The Mom Blogiverse is aflutter about a post by Amy Suardi over at Frugal Mom where she announces that she is no longer in the business of blogging. In addition to hitting on every point that a work at home mom would feel conflicted about she states the following:
Jockeying for attention in the age of a million blogs and still trying to care for my family, live by my values of meaning and connection, and maintain a simple, sweet, slow life was an impossible ideal.
Is mom blogging saturated? Are we competing with one another for some spotlight? Are the kids neglected? Sort of yes, not really, I hope not but probably.
Every private forum and facebook group is talking about this post. I’m hopeful that at least a few women who are pouring time and money into blogs that don’t create joy or revenue will rethink how they wish to spend their days. It’s important to define success for ourselves wisely and though a large online audience may make you feel good your family will always feel better. Some of us are lucky enough to be able to work a small number of hours so that we can be with our families, some folks really don’t have that option. Giving up even a few dollars a month could be tragic. These are tough times and quitting a job (even a freelance one) isn’t always an option.
I read Amy’s post and was quite puzzled. I think that Amy has four kids, they look to be little. I’m trying to understand how much a babysitter costs for four kids (my mom was my only real babysitter and we paid her in hugs and gratitude) because of statements like this:
The money I made from writing a post for Parentables did not even cover the cost of a sitter. Freelance writing is not about the money, I eventually learned. It’s about the flexibility of working in your pajamas, the freedom to write about your last vacation, and the cachet of being associated with a large publication.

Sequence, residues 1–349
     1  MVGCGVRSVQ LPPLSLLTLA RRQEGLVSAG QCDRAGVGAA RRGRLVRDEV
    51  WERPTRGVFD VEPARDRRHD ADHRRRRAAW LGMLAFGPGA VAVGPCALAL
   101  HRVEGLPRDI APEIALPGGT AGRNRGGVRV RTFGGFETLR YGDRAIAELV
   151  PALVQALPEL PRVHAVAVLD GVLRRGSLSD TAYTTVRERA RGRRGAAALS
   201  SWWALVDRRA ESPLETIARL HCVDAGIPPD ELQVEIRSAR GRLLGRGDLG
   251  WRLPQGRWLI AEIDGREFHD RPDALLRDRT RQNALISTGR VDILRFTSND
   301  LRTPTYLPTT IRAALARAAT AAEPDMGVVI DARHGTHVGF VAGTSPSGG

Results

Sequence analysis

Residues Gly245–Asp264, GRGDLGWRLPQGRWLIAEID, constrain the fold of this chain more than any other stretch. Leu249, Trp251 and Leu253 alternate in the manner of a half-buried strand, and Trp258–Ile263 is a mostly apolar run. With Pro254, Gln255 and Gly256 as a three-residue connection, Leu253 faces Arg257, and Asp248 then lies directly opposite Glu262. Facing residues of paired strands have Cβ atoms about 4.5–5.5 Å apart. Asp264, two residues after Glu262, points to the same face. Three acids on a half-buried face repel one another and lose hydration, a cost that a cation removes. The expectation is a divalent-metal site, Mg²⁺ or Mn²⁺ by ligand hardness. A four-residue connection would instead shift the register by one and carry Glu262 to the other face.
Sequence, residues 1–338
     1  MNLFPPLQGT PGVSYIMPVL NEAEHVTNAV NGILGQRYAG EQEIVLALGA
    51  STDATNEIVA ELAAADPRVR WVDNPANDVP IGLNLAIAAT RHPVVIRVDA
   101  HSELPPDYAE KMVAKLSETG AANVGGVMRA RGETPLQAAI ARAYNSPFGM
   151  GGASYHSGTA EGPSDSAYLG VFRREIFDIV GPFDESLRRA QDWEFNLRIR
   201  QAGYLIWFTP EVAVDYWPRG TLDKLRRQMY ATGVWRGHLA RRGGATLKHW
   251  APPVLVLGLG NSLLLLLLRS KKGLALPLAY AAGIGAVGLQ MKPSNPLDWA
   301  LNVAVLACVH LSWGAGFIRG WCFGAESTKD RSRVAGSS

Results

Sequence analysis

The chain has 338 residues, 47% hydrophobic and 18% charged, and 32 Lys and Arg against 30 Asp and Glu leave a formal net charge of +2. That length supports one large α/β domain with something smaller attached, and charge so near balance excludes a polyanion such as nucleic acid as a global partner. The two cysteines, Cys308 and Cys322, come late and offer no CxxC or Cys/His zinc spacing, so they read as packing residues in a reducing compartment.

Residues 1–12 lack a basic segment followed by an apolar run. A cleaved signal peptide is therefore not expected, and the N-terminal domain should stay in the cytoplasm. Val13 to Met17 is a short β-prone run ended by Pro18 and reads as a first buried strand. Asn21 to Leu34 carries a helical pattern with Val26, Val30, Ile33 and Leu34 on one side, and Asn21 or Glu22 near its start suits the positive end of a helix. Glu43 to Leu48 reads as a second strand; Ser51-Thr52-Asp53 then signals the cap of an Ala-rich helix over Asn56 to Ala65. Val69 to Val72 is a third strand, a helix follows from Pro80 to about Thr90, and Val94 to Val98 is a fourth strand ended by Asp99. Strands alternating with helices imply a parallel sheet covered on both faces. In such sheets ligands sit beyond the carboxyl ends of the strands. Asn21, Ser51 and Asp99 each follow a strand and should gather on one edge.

I’d never actually heard of Parentables before today but I’m trying to understand how a writer could make less money than a babysitter? This confuses me in every way. If you’re new to freelancing I’d really hate for anyone to think that it’s about flexibility, sloppiness and cachet. Freelancing is about owning your time, knowing your value and writing your passions. I was recently published in a large publication and I assure you I was not paid in accolades.
I asked some other folks what they thought of the piece and Kori said, “I thought it was a good article because I can relate to what she is saying. I think all of us have to find a balance that makes sense in our lives. With that said though, I think you can find a balance and still make money blogging.”
Jenn thinks she’s not much of a blogger anyhow so the conversation isn’t applicable, “Do you consider making a TV show blogging? Now I’m even more confused.” I’m with Jenn. It sounds like being in front of a camera was a lot of work for a mom with little kids. Some folks aspire to be on camera, some just sort of land there. I think it’s a softer landing when it’s actually a goal but it’s a tremendous amount of work and it’s not time that you’re in control of. I’m not really clear on the show but some talent isn’t particularly well compensated. Perhaps that’s the cache she’d mentioned?
Trisha suggests that a successful career blogging comes from being a savvy entrepreneur, “The key to being online and making a living is learning to know your worth. You have to absolutely learn to say no when there is no benefit to your brand. That clears up your time to dedicate to the companies that are more seriously dedicated to you resulting in better posts, and more importantly, better opportunities.”
I wish Amy well and I’m sure she’ll have great success. She’s a smart lady because she knows that success is self defined and putting family first is her truest measure right now.
Blogging serves many masters. I’ve recently changed the way I do things and it might look like a not-very-smart move to some but for me it was the best thing I could have done.
Can a new blogger come on the scene, set up shop and make a good living? Are we quite simply saturated? I don’t know the answers to that. I’ve often compared blogging to the MLM industry. There are many more women who will lose time and money (time that cannot be replaced, money that can) from jumping into the business of blogging. They’ll be sold websites, templates, mailing lists and conferences that are all unaffordable but allow them to feel like part of the workforce without really entering it. Is this a bad thing or just a thing? Is working at home part of a phase that stay at home parents need to experience?
I really don’t have any answers. I do know how to run a business. I’ve been working for myself since 1998 and I know that I’ve redefined success a thousand times in as many days. Sometimes I need to stretch a little more, sometimes the new definition of success means doing less.
Bloggers, ladies in particular, it helps to be realistic. If you’re making less than minimum wage it’s a hobby. Hobbies get different hours than jobs.
Photo courtesy of Flickr via creative commons.